Pursue personal writing projects

Giving young writers genuine choice is the best way I know to create an environment where they can flourish. -Ralph Fletcher

Description of the principle

It is essential that children are given time to write for a sustained period every day and to work on both class and personal writing projects. Personal projects should be seen as an important part of the writing curriculum since it is here, through exercising their own choice of subject, purpose, audience and writing process, that they have genuine autonomy and come to understand the true function of writing as an empowering and pleasurable activity which they can use now and in the future.  Teachers will hold equally high expectations for personal writing projects as for class projects. Personal projects  can provide the teacher with insights into children’s personalities and help build relationships, and can also provide evidence when assessing children’s development as independent writers.

What Writing For Pleasure teachers do

  • Teachers understand how essential it is that children are given time to write for a sustained period every day and to work on both class and personal writing projects.
  • Children are given at least one timetabled hour a week to engage in personal writing projects.  However, the teachers also encouraged personal writing to be pursued in little pockets of time throughout the week.
  • Children transfer knowledge and skills learnt in class writing projects and use them expertly and successfully in their personal ones.
  •  Teachers set up routines where personal writing project books go to and fro between school and home every day. This means that children can be in a constant state of composition.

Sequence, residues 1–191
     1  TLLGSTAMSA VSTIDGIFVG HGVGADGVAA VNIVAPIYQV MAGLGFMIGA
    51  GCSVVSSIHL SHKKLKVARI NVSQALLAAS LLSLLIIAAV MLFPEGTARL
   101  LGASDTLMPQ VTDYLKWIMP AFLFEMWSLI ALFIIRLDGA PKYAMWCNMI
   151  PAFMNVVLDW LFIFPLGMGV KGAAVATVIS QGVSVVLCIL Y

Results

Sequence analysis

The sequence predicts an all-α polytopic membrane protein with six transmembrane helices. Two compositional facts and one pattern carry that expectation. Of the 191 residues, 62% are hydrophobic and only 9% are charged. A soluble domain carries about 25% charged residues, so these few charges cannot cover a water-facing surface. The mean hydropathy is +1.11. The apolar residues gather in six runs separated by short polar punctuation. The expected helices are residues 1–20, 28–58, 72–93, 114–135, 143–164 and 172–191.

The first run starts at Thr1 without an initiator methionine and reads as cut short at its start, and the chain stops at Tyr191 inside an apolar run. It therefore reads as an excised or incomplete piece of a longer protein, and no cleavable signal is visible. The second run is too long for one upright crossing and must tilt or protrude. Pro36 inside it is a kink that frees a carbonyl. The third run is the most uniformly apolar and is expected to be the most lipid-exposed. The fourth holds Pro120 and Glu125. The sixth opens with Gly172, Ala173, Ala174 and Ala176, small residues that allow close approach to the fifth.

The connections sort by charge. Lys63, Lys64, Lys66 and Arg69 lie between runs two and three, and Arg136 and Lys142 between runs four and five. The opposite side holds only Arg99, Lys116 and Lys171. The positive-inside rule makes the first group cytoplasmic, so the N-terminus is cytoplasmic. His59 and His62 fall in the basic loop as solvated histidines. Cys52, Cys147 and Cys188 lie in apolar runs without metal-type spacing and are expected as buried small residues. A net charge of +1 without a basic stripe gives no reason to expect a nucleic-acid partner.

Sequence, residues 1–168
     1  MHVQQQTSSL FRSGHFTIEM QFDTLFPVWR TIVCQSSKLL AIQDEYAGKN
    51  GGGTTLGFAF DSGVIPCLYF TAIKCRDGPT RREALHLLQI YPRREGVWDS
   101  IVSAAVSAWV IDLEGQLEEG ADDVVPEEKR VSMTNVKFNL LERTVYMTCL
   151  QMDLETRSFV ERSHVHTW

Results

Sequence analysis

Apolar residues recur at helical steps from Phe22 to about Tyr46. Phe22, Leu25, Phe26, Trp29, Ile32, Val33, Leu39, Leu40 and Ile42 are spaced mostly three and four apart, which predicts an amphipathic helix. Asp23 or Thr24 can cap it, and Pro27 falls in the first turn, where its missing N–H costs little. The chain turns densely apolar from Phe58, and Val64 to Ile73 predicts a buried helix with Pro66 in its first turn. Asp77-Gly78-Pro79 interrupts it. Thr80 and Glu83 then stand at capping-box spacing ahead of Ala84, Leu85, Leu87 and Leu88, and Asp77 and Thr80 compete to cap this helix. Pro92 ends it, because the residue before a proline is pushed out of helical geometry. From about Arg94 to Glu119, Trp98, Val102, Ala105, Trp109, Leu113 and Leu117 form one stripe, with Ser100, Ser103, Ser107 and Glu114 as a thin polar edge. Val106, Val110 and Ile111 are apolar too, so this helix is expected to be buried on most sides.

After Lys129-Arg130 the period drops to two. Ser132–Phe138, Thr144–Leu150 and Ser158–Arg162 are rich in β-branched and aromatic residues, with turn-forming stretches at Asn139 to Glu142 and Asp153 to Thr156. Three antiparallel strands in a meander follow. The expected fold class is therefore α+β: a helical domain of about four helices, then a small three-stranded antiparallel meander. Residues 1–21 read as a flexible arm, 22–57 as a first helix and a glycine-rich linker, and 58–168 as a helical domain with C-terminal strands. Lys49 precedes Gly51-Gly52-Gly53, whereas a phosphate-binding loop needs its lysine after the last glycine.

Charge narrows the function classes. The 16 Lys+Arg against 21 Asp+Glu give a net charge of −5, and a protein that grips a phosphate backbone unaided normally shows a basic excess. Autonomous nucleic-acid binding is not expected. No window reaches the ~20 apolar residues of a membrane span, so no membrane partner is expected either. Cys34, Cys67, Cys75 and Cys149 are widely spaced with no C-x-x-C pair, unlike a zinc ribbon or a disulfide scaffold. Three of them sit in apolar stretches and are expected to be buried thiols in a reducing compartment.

Reviewing your practice: questions to consider

  • Do you child have a personal writing books?
  • Do you timetable regular and significant time for children to develop personal writing projects?
  • Do you provide children with resources and strategies for generating writing ideas?
  • Do you provide opportunities for children to write in collaboration with their peers on personal writing projects?
  • Do you allow children to pursue their personal projects if they’ve finished their class writing goal for that lesson?
  • Do you have high expectations and interest in both class and personal writing projects?
  • Do you design your classroom to ensure that children can pursue their personal projects largely independently?
  • Do you promote the use of writing journals at school and at home and create links between the two?
  • Are your children encouraged to work on any personal writing projects in any pockets of time available in the school day?

Examples from the classroom

Everyone’s An Expert

“Anyone wanna collab?” Personal writing projects go online!

Idea Hearts: Getting To The Heart Of It

Setting Up Personal Writing Project Books In KS1

Supporting documents

Be reassuringly consistent